Algal Blooms: Toxic, But with Possible Drug Potential
April 24, 2020
In 2016, a massive algal bloom surfaced on ocean waters from Maine to Long Island. This splotch on the water shuttered shellfisheries Narragansett Bay-wide in Rhode Island and prompted a recall of about 5 tons of shellfish in Maine. But even before this event, algal blooms have poisoned shellfish, people, and seabirds throughout history, and Matthew Bertin, an assistant professor in the Department of Biomedical and Pharmaceutical Sciences at the University of Rhode Island, wanted to know why.
“When I go out in Narragansett Bay, I’m usually down at Rome Point looking for seals or maybe fishing,” Bertin said April 14 during a webinar hosted by Rhode Island Sea Grant. “But now we really want to focus on what we can’t see in the water. We want to focus on microscopic organisms like algal cells.”
As algal blooms have become more common, possibly owing to warming waters caused by the climate crisis, so have instances of shellfisheries being closed because of potential contamination.
“An increase in bloom events and toxin production represents a significant risk to the state’s shellfish industry,” Bertin said.
He went on to note that it really is a double-edged sword when it comes to harmful algae blooms (HABs).
“I really have two stories to tell. The first story is going to be about HABs and toxin monitoring that we’re doing in Narragansett Bay, and then I have a second story where we are going to use some of the toxin monitoring tools to investigate HABs for new potential drugs,” Bertin said.
Algae, including the toxin-producing Pseudo-nitzschia and cyanobacteria (blue-green algae), are everywhere in the ocean, but normally you can’t see them unless they begin to rapidly increase in number, causing a so-called algal bloom.
“These blooms cause harm in several ways. One is that they can deplete oxygen in water because they’re so high in cell number; the second is physical contact with other aquatic or marine organisms. They can actually attach to and clog fish gills,” he said. “But the biggest harmful aspects of these algal bloom are the production of toxins.”
Humans are exposed to these toxins either from swimming in contaminated water or from eating contaminated shellfish.
“Shellfish that we enjoy consuming can accumulate the toxin domoic acid by direct filtration of plankton in the water,” Bertin said. “As these shellfish are filter feeding, they are trapping cells in their gut, and those cells could contain that toxin.”
He noted an event in 1988, when four people died after eating shellfish from Prince Edward Island in Canada. The culprit was the algae Pseudo-nitzschia and domoic acid, which can cause short-term memory loss, brain damage, and death. This was the same algae that made up the massive bloom in 2016.
Pseudo-nitzschia isn’t new to Rhode Island. It’s been in Narragansett Bay for more than 50 years, according to Bertin.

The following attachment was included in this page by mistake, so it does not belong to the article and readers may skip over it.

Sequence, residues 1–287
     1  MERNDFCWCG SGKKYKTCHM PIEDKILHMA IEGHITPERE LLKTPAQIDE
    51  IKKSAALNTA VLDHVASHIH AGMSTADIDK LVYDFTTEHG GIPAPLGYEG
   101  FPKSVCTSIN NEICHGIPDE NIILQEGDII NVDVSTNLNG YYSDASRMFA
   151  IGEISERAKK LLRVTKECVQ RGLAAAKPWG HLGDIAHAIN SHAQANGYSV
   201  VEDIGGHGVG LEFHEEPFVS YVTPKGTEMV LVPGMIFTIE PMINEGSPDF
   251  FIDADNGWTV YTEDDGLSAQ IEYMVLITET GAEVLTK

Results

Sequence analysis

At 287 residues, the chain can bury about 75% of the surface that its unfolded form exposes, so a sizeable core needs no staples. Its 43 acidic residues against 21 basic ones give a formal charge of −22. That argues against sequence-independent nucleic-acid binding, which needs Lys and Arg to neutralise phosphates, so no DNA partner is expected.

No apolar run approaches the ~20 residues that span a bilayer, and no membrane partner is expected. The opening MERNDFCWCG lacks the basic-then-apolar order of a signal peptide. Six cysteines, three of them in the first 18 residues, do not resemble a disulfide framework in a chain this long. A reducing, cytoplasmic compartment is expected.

“However, the first emergency shellfish closure in Rhode Island due to domoic acid being in the shellfish, that didn’t occur until October 2016,” he said. “And then again in March 2017, so these closures are happening here, and they’re happening with cell numbers that are much lower than what has been seen historically. So we’ve been trying to understand what’s driving these new toxic events.”
This work has involved taking samples from Narragansett Bay every week for more than two years. The results of this initiative, while still ongoing, point toward two interesting ideas: toxin production is likely due to a limitation in one or more of the key nutrients required for growth in phytoplankton; and that Pseudo-nitzschia composition is different from season to season.
“But we’re not trying to infer too much in the data at this point. We’re just trying to identify patterns that we can explore further,” Bertin said.
While the negative consequences of these algal blooms and their increased frequency are apparent, Bertin and his team of researchers have found evidence of a potential silver lining.
It all started decades ago with hungry sea hares.
“One of the most interesting discoveries in the history of drug discovery, not just from cyanobacteria, but really from anywhere, is the story of a molecule called dolastatin,” Bertin said. “It was originally discovered decades ago, when natural-products chemists were going out all the time and collecting everything they could find in the ocean, and one thing they were looking at was an organism called a sea hare.”
Sea hares are large, colorful sea slugs that, if domesticated, thrive on a diet of parboiled lettuce and dried kelp. In the wild, they also consume cyanobacteria.
“In these sea hares, these researchers found dolestat, a very, very toxic peptide molecule, and they tried to make it into a drug for a long time,” Bertin said. “Years later, someone found that same dolestat molecule in one of these cyanobacteria. So it turned out the sea hare was eating the cyanobacteria, and was concentrating it in its body to ward off predators.”
This molecule found in the gut of sea hares was eventually turned into an antibody-drug conjugate called Adcetris that’s used to fight cancer.
With this in mind, Bertin and his team are trying to develop other drug leads from cyanobacteria blooms.
“We think there’s a lot here in the realm of drug discovery with these blooms,” he said.